British soldier and
field marshal Birdwood was born in 1865, in India. He died in 1951, in Hampton Court
(Middlesex). He graduated from Clifton College and entered Royal Military College. He
climbed the steps of his military career slowly. First, he became general, in 1917 and
field marshal, in 1925.
He joined Hazara (1891), Isazai (1892), Tirah
(1897-98) campaigns in India; Chagra Kotal, Dargai, Samphagha wars and military operations
in Bazar Valley. During the South Africa Wars (1899-1922), he commanded the cavalry
brigade. Later he became the military secretary of Lord Kitchener. In the Mohmand
Campaign, in 1908, he was designated as the Staff Chief, in the same year he won
"Distinguished Service Order.
In the First World War, he joined to the
Mediterranean Expeditionary Forces. First he was designated as the commander of the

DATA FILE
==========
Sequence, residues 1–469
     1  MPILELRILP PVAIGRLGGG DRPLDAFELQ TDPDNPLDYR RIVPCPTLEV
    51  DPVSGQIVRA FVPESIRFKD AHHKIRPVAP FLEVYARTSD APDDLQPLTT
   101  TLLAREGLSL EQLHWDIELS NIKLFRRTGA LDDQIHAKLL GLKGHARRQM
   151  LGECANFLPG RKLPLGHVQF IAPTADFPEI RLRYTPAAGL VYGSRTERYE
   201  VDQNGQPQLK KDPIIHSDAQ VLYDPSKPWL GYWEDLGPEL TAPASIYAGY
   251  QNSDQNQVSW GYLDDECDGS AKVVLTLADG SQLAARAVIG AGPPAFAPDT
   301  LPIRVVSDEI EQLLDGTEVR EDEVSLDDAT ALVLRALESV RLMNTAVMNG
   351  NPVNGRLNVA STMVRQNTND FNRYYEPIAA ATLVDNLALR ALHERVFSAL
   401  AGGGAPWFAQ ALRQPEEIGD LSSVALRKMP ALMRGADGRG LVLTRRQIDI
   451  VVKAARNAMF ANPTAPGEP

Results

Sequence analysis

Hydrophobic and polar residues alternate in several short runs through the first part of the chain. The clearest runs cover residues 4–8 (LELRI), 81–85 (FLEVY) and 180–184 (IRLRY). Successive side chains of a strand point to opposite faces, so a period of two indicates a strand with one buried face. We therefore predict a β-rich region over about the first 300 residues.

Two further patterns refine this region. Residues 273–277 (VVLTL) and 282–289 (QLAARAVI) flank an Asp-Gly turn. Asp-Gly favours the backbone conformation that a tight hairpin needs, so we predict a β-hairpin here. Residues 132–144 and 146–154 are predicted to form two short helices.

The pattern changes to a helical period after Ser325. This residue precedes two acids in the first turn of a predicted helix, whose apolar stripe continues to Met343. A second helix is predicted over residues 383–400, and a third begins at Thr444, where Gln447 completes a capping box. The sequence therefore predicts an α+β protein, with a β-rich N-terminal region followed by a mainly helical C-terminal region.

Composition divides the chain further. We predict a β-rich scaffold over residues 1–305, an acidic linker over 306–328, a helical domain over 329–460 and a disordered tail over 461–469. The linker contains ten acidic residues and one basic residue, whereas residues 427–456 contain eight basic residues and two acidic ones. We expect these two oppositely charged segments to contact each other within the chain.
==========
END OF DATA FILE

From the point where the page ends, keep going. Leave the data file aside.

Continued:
Australian and New Zealand Corps; later he became the commander of the entire expedition.
Between 1915 and 1916, he commanded the evacuation of the Gallipoli Peninsula, next the
ANZAC Forces and then the French Fifth Army Corps.
Birdwood had won his fame with his excellent command
of the Anzacs. He won the respect and trust of his soldiers. This trust later designed the
victory of the Western Front. In addition, Birdwood was given Soul of Anzac title
and a reward of £100.000.
Birdwood commanded the Northern India Forces, in
1920. He became the commander in chief of the Indian Army Corps, in 1925. In 1928, he
became the Baron of Anzac and Totnes. Between 1931 and 1933, he worked as the headmaster
of the Peterhouse. He became the headmaster of Clifton College, in 1935.
Birdwood attended Ataturks funeral as the head of
the British representatives, in 1938. Because his leg was injured, he watched the funeral
from the balcony of the Turkish House. By saluting the coffin, he revealed his respect to
the commander; he fought in the Gallipoli.